On an IP network, one machine cannot typically prevent another from transmitting a packet via one of its interfaces, it can only choose what is done with any packet received by its own interfaces, be it dropped or ignored or actioned. For this reason, the encryption requirement is enforced by the server and client only actioning packets that are encrypted using the right encryption inputs and are presented with the right hash to match the inputs.
Request (RRQ, WRQ and TSRQ) packets are now required to have the filename encrypted with the session key and IV, and have an SHA-256 hash of the IV and encrypted filename appended afterward.
Timestamp (TS) packets are now required to have the timestamp encrypted with the session key and IV.
Data packets are now required to have the included file content encrypted with the session key and IV.
Acknowledgement (ACK) packets for data transfers are unchanged from TFUP, and packet operation codes remain in plain text.
While one authorised client maintains an encryption session with the server, there is no existing functionality of TFUP that will prevent another client from sending a request to the server, in these cases the server would be unable to decrypt the request data, but would still attempt to read the file. A preventative measure to ensure only the client that established the session can have requests actioned by the server was needed. The method chosen was a hash of the initialization vector, salted by (prepended to) the file name being requested in the TSRQ, RRQ or WRQ. This resulted in a new format for TSRQ, RRQ and WRQ packets in that the file name portion should now be encrypted using the session key and IV, and followed by a hash of the IV salted with the file name. The server can then decrypt the file name in the packet upon receipt, and generate its own hash of the IV and decrypted file name, and compare it to that received from the client. If the hashes match, then the client must know the IV, and the unencrypted file name requested. The IV was only sent once to the client intended to be the owner of the session.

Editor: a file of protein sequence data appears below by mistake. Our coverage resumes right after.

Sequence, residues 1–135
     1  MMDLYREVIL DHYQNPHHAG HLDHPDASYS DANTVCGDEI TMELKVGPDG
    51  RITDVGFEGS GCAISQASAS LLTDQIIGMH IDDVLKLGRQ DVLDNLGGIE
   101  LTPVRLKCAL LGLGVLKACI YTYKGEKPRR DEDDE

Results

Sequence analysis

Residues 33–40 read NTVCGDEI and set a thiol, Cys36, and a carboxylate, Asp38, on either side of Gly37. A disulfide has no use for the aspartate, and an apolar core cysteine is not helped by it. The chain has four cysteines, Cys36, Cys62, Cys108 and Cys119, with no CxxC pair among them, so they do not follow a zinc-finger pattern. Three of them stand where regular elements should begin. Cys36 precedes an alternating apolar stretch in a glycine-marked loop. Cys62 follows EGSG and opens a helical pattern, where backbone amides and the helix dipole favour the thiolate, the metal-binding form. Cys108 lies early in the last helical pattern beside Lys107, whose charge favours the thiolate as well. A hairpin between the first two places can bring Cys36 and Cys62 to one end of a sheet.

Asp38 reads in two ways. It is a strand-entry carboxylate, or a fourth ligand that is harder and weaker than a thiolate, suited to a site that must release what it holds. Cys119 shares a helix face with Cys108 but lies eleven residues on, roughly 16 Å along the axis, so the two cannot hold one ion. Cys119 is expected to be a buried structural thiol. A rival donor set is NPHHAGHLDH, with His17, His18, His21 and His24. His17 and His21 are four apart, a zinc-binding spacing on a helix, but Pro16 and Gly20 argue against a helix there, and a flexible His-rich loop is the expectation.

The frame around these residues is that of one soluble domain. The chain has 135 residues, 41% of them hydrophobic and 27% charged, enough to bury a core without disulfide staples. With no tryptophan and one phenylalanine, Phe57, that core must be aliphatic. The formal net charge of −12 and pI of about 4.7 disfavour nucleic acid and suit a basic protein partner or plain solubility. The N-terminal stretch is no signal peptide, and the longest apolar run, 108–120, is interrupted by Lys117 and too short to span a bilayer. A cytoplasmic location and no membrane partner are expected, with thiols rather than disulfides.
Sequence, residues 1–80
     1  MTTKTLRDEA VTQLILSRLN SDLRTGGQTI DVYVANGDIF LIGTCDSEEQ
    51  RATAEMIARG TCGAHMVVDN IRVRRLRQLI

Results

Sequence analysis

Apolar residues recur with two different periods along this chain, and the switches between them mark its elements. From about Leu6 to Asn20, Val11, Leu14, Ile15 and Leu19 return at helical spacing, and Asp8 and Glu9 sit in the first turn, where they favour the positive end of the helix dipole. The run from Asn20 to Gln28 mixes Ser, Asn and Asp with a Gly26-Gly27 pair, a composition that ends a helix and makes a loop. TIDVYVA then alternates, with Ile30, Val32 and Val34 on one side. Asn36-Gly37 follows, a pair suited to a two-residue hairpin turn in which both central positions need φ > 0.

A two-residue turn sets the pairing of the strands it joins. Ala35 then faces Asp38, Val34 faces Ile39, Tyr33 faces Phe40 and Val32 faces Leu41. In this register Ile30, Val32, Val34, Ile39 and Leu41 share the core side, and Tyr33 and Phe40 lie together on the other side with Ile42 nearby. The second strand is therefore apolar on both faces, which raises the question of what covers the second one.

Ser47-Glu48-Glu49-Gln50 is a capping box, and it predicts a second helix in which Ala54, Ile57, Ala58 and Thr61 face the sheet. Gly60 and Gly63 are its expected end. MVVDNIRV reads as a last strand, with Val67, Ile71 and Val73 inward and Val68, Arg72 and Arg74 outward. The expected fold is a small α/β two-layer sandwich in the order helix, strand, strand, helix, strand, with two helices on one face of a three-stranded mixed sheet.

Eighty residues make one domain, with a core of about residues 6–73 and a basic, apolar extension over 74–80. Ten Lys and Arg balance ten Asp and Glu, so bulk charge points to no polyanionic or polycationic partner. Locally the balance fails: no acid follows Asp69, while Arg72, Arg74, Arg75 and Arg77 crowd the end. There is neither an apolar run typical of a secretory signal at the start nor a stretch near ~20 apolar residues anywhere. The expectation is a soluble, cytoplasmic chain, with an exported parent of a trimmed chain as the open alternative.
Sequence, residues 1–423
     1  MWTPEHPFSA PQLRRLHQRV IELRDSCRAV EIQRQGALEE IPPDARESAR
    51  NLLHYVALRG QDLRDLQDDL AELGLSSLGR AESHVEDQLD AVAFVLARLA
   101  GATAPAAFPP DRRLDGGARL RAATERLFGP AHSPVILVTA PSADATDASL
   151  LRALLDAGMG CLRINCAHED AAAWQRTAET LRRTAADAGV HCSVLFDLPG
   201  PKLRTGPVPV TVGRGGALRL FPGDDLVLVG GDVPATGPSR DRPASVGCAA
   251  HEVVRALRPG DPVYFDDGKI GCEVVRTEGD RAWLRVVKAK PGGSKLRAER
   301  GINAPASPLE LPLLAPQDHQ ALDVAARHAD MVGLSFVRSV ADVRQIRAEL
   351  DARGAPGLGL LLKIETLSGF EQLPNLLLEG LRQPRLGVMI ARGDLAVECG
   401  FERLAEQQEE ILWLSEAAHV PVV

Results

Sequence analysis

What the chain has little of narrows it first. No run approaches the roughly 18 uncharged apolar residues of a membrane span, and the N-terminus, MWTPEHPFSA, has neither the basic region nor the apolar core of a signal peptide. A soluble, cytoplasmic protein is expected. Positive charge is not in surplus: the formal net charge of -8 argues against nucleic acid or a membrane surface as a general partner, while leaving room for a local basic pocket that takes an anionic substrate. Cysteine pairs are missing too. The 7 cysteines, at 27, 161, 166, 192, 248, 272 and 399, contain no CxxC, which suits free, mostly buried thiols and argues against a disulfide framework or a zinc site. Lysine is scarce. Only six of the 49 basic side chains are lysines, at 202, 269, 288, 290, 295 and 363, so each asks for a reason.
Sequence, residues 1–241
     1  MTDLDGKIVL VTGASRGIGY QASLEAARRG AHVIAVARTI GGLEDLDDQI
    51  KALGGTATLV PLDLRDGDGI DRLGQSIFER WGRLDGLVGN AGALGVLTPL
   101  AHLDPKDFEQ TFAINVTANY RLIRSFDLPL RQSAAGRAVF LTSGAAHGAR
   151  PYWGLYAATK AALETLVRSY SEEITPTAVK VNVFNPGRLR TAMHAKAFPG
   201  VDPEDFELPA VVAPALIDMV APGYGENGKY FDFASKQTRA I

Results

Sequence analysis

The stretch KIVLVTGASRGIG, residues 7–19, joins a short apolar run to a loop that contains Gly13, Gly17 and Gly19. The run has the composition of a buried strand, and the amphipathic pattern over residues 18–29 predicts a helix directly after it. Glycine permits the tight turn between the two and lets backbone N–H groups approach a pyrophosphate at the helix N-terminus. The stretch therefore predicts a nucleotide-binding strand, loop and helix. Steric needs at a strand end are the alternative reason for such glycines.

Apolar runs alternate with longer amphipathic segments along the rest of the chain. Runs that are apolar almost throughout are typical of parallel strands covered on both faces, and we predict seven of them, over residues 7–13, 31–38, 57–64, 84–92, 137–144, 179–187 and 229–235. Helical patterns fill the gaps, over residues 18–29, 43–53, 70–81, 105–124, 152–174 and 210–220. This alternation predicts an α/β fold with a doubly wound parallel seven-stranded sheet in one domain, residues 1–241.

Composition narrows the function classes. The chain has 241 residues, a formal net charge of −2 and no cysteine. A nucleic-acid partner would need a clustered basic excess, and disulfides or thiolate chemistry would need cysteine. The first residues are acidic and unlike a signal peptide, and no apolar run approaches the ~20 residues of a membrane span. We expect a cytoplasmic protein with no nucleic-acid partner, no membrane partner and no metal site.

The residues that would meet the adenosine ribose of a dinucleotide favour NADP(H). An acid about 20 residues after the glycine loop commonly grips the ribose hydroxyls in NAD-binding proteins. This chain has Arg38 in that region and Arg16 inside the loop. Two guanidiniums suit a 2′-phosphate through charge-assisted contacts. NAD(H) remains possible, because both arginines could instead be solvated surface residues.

The client main program, fsynccli.c, has been altered to form and send an ETRQ packet to the server and action the reply by populating session related variables, or exit if an ETACK is not received, prior to accepting any command input from the user.
The server main program, fsyncsrv.c, has only received minor alterations to make the appropriate function calls for the new packet types, and to make available stored keys and initialization vectors.
file.c has the addition of functions used to read a key file to a string, and perform AES-256 CBC encryption and decryption of files to disk.
tfup.c has been renamed efup.c to reflect the protocol changes. Modifications have been made throughout the parse, form and receive functions to incorporate encryption and decryption of items added to and parsed from a packet buffer. The ETRQ and ATACK functions and associated logic have been incorporated in their own parse, form and receive functions. Functions for performing the SHA-256 hash generation and pseudo-random session key and IV generation have been added. The pseudo-random key selection is performed using the OpenSSL RAND_bytes function.